And I’m out again! I don’t seem to be seeing the bullish momentum I expected for EUR/CAD, and it looks like the fundamental story is starting to shift. In case you missed it, make sure you read my initial trade idea first!
I already had a previous long position on EUR/CAD on what I thought would be a bounce off a short-term rising trend line. However, I jumped out of that one early when buyers seemed to run out of steam. I did hold on to my other entry order on a larger pullback to the 1.4200 area of interest, thinking that more buyers could be waiting at that level.
The pair bounced alright, but it seems to be changing its mind when it comes to pushing for more gains. EUR/CAD retreated upon testing the 1.4350 minor psychological level and is now sliding back to the area of interest so I booked whatever profits I had!
My initial thesis for entering this trade was based on the shift in the ECB’s stance to a less dovish one, but Draghi admitted in his latest speech that they may have been too early in claiming that inflation is already picking up. This sentiment was also shared by a couple of policymakers in the recently published ECB minutes, confirming that the central bank might revert to its dovish mood once more.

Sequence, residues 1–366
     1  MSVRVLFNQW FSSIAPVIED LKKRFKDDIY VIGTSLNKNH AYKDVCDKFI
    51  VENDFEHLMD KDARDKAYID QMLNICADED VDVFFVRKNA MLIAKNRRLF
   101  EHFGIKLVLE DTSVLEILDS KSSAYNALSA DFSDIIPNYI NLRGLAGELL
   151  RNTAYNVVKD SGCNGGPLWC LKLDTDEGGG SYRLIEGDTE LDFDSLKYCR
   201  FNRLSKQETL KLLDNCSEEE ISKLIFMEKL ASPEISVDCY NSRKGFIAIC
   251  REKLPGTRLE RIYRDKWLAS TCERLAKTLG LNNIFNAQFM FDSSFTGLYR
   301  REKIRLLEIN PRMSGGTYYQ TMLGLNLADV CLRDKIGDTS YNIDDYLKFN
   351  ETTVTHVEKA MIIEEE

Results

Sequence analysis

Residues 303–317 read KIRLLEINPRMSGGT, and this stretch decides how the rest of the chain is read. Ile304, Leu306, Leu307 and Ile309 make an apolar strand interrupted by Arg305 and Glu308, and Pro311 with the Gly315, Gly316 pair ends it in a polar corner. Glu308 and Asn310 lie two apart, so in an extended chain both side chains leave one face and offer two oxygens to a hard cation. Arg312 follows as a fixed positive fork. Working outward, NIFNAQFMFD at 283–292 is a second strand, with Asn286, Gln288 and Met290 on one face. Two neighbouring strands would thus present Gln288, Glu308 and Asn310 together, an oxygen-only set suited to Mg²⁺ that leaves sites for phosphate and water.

To add to that, crude oil prices are turning higher again after breaking past key technical levels like the $50/barrel mark. Traders seem to be shrugging off news of another buildup in U.S. crude oil stockpiles and are focusing on reports that Iran and Saudi Arabia are drawing from reserves instead of ramping up production.
Apart from that, the demand side of the equation is also gaining support from the Chinese government’s decision to grant import quotas to two independent oil plants, basically boosting their energy imports by nearly 30 million barrels over the next few months.
With that, I think it’s time for me to reevaluate my bias on crude oil and the positively-correlated Loonie, as well as the euro. After all, election jitters and Brexit uncertainties could still dampen demand for the shared currency while geopolitical risks in Syria could keep European investors on edge as well.
I only caught a teensy gain with this one since I only put 0.25% on the line and locked in a 45-pip or a 0.045% gain on my account. Still, a win is a win! As always, don’t risk more than 1% of your account on a single trade and make sure you read our risk disclosure if you’re thinking of taking the same setups.
This content is strictly for informational purposes only and does not constitute as investment advice. Trading any financial market involves risk. Please read our Risk Disclosure to make sure you understand the risks involved.